Browse Category: Wellness

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Forrest Rackham, PsyD, Joins PCRMC Medical Group

Phelps County Regional Medical Center (PCRMC) is pleased to announce the addition of psychologist Forrest Rackham, Psy.D, to the PCRMC Medical Group.

Dr. Rackham is a licensed clinical psychologist and has been practicing since 2012.

He earned his Doctor of Psychology in clinical psychology and his Master of Science from Georgia Southern University in Statesboro, Georgia. He received a Bachelor of Arts in psychology from Bowling Green State University in Bowling Green, Ohio.

His special interests include acceptance and commitment therapy (ACT), hypnosis, rural psychology, primary care psychology and the integration of psychotherapy and spirituality.

As a psychologist, Dr. Rackham said he enjoys connecting with individuals.

“I get to see people become more self-reliant,” he said. “Also, patients allow me to be part of their journey toward behavioral changes and becoming more fulfilled with their lives.”

Before coming to PCRMC, Dr. Rackham worked at community health centers in Virginia and Iowa.

As for the best advice Dr. Rackham gives his patients, it’s quite simple: just breathe. “Stressors can make our bodies tense, and breathing helps us slow down and focus,” he said.

To learn more about Dr. Rackham, or to make an appointment, please visit pcrmc.com or call 573-364-9000.

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Clinical Trials Day Honors Clinical Research Professionals

Did you know that cancer patients at Phelps County Regional Medical Center (PCRMC) can participate in clinical research trials?

Patients at PCRMC’s Delbert Day Cancer Institute (DDCI) have access to national clinical trials through the health organization’s affiliation with Cancer Research for the Ozarks.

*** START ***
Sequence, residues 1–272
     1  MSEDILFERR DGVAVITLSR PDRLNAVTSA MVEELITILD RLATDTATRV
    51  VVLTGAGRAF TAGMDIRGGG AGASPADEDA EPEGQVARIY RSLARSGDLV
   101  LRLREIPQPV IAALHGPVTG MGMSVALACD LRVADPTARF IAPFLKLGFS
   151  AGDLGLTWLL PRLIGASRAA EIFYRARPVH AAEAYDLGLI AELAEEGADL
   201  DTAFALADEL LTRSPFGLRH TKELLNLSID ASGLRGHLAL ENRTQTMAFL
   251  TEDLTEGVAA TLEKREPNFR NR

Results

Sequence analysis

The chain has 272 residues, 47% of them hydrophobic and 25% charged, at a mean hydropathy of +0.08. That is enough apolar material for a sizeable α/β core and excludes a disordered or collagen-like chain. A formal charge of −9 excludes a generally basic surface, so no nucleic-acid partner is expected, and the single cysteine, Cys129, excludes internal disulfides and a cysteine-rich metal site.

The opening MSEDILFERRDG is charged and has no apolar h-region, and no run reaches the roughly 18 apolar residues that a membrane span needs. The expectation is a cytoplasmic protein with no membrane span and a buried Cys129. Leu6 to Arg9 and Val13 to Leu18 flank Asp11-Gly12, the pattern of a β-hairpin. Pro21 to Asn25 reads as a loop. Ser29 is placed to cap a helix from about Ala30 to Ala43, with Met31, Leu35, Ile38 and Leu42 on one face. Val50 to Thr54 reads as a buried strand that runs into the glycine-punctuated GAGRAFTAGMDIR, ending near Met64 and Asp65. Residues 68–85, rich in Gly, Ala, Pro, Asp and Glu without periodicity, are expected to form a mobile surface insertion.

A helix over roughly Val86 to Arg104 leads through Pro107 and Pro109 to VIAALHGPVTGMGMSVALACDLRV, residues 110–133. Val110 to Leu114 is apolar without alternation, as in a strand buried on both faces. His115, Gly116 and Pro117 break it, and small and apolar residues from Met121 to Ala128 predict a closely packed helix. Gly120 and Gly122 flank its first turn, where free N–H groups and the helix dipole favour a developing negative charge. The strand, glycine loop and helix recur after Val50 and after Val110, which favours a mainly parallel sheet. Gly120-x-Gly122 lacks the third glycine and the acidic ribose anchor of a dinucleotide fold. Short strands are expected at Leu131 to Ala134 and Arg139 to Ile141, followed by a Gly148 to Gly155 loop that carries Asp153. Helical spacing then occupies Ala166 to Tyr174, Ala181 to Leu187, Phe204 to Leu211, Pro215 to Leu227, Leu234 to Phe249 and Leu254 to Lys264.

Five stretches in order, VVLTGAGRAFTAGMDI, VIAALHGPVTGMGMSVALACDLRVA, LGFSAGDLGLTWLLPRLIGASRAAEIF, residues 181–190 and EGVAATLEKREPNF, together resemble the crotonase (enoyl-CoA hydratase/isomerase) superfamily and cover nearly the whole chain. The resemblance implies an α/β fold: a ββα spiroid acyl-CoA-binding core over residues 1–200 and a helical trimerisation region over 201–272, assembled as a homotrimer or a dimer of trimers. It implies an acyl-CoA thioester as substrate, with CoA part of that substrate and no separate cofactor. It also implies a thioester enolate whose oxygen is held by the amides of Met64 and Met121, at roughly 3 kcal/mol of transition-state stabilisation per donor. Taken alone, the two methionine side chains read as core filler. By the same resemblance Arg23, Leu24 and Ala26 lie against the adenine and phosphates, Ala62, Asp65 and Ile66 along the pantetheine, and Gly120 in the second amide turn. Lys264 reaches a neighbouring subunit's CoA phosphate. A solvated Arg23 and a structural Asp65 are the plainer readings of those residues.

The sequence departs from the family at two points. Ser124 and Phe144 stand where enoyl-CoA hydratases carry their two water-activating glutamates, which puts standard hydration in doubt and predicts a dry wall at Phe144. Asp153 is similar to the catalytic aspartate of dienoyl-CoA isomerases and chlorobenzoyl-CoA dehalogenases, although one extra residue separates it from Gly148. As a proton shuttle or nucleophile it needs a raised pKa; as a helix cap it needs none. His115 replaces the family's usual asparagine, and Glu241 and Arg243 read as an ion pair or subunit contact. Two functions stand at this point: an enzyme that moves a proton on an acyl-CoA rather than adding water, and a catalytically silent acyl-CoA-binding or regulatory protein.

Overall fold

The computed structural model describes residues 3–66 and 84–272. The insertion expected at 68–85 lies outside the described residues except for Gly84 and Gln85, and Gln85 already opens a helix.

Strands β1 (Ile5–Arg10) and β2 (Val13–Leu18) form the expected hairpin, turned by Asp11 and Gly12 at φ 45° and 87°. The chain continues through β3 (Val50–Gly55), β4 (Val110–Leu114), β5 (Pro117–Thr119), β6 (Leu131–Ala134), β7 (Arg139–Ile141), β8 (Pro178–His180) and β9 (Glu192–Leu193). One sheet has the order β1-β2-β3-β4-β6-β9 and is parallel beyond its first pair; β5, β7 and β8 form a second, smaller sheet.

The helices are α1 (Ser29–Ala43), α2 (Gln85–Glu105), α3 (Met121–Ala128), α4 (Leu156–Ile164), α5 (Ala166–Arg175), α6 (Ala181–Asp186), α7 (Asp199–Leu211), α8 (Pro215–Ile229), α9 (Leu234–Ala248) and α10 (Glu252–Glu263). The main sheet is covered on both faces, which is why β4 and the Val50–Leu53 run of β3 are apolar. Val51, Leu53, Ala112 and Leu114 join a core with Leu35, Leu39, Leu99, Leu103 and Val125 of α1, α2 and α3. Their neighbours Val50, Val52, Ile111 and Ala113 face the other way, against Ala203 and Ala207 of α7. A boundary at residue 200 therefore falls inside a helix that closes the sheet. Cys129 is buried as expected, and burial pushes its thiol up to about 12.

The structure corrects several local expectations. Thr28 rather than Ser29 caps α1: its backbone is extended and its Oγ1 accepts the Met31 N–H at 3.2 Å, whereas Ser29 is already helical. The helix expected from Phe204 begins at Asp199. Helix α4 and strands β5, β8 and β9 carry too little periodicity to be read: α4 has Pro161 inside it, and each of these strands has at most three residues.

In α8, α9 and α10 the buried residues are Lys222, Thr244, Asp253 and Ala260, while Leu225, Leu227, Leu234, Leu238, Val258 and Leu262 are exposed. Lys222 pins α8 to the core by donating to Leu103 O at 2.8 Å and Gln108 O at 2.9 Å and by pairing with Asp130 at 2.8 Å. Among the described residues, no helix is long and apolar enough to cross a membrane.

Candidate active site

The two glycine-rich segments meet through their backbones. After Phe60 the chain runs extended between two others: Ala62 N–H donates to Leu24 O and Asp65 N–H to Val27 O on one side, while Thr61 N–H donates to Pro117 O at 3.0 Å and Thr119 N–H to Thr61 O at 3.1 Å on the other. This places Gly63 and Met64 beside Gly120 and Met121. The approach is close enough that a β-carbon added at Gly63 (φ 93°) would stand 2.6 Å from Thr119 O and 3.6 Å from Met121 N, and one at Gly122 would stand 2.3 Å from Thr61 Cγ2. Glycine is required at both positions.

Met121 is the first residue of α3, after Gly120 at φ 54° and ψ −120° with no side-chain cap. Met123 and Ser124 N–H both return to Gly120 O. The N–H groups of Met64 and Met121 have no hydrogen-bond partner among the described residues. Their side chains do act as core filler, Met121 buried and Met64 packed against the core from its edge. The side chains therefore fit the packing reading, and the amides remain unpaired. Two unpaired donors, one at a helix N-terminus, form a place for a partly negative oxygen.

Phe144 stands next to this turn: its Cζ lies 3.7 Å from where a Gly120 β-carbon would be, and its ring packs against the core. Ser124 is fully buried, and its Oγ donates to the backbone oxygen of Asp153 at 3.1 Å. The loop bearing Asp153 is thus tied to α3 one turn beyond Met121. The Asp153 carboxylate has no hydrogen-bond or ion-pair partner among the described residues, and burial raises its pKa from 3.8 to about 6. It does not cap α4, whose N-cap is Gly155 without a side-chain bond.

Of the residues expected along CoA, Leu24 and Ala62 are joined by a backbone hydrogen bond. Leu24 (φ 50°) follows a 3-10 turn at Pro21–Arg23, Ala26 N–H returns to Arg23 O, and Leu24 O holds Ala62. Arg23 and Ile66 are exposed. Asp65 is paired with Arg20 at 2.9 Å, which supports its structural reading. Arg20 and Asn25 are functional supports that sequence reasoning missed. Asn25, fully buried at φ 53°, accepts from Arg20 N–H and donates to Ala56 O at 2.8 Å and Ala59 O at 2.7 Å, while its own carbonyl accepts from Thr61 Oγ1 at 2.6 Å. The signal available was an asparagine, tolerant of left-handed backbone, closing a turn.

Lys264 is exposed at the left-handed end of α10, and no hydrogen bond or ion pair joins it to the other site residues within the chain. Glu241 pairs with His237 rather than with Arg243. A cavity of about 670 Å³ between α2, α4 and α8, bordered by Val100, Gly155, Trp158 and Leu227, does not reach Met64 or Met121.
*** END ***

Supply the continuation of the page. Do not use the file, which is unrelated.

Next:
As an affiliate member of the National Cancer Institute’s Community Oncology Research Program (NCORP), the DDCI is able to access a wide variety of trials sponsored by the National Cancer Institute.

By having patients take part in these research trials, PCRMC has the ability to provide the highest standard of care and help shape the future of cancer treatment globally.

Clinical Trials Day is being celebrated May 19 this year, and the Association of Clinical Research Professionals (ACRP) uses this day to raise awareness about clinical trials and honor clinical research professionals by recognizing their contributions to public health and medical progress.

At the DDCI, Christopher Spencer, MD, director of radiation oncology, as well as Stephen Toothaker, MD, and Tezo Karedan, MD, both medical oncologists and hematologists, are research investigators and work with patients in clinical trials. Linda Schumacher and Janette Richards are both oncology research nurses at the DDCI. Schumacher is certified through ACRP as a Certified Clinical Research Coordinator, and Richards is a candidate for certification in the spring of 2018.

“The DDCI offers Phase 3 national clinical trials,” says Dr. Spencer. In Phase 3 trials, a drug or treatment is given to large groups of people to confirm its effectiveness, monitor side effects, compare it to commonly used treatments and collect information that will allow the drug or treatment to be used safely.

These clinical trials benefit patients by providing them access to promising new treatment options that are often not available otherwise. In some cases, participants in the clinical trials may be the first to benefit from the new treatments or therapies being studied.

Most of the cancer treatments available today are the result of a clinical research trial. Participation in cancer research is voluntary.

Clinical Trials Day is held on or around May 20 each year to recognize the day that James Lind started what is often considered the first randomized clinical trial aboard a ship.

Lind hypothesized that scurvy could be cured through the introduction of acids to the body, and so on May 20, 1747, he recruited 12 men for a “fair test.” He noticed that citrus fruits helped those who suffered from scurvy. His design of a trial is believed to have inspired future clinical trial designs.

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National Nurses Week Celebrated May 6-12

Nurses at Phelps County Regional Medical Center (PCRMC) and around the country are being honored this week, as the American Nurses Association (ANA) celebrates National Nurses Week.

The theme for this year’s National Nurses Week is “Nursing: the Balance of Mind, Body, and Spirit,” which recognizes nurses who lead the charge for health and wellness.

During National Nurses Week, PCRMC would like to extend a special thanks to our nurses, who provide the highest level of quality care in multiple specialty areas to patients of all ages. Nurses are a valuable asset to the communities they serve.